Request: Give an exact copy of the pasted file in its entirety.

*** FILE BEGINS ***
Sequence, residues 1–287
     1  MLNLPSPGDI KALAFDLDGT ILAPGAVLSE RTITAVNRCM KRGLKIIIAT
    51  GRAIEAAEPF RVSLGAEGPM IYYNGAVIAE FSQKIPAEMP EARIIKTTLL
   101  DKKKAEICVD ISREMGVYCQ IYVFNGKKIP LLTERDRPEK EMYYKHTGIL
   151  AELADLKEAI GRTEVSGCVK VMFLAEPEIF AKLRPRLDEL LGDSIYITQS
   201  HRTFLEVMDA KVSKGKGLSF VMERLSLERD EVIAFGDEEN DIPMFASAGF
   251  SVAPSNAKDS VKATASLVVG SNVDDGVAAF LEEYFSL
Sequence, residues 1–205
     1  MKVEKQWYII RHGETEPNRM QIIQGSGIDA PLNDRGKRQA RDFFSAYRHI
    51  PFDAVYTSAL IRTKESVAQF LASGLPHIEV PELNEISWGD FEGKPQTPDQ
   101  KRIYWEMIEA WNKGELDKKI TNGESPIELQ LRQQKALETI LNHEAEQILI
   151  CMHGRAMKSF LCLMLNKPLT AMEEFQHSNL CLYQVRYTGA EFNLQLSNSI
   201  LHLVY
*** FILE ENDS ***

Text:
Sequence, residues 1–287
     1  MLNLPSPGDI KALAFDLDGT ILAPGAVLSE RTITAVNRCM KRGLKIIIAT
    51  GRAIEAAEPF RVSLGAEGPM IYYNGAVIAE FSQKIPAEMP EARIIKTTLL
   101  DKKKAEICVD ISREMGVYCQ IYVFNGKKIP LLTERDRPEK EMYYKHTGIL
   151  AELADLKEAI GRTEVSGCVK VMFLAEPEIF AKLRPRLDEL LGDSIYITQS
   201  HRTFLEVMDA KVSKGKGLSF VMERLSLERD EVIAFGDEEN DIPMFASAGF
   251  SVAPSNAKDS VKATASLVVG SNVDDGVAAF LEEYFSL
Sequence, residues 1–205
     1  MKVEKQWYII RHGETEPNRM QIIQGSGIDA PLNDRGKRQA RDFFSAYRHI
    51  PFDAVYTSAL IRTKESVAQF LASGLPHIEV PELNEISWGD FEGKPQTPDQ
   101  KRIYWEMIEA WNKGELDKKI TNGESPIELQ LRQQKALETI LNHEAEQILI
   151  CMHGRAMKSF LCLMLNKPLT AMEEFQHSNL CLYQVRYTGA EFNLQLSNSI
   201  LHLVY